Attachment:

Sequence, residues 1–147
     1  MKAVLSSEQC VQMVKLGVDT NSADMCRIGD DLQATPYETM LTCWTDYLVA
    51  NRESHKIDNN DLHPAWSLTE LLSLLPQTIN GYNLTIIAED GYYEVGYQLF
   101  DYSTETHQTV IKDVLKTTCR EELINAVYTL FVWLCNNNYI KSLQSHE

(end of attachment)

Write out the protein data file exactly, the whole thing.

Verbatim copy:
Sequence, residues 1–147
     1  MKAVLSSEQC VQMVKLGVDT NSADMCRIGD DLQATPYETM LTCWTDYLVA
    51  NRESHKIDNN DLHPAWSLTE LLSLLPQTIN GYNLTIIAED GYYEVGYQLF
   101  DYSTETHQTV IKDVLKTTCR EELINAVYTL FVWLCNNNYI KSLQSHE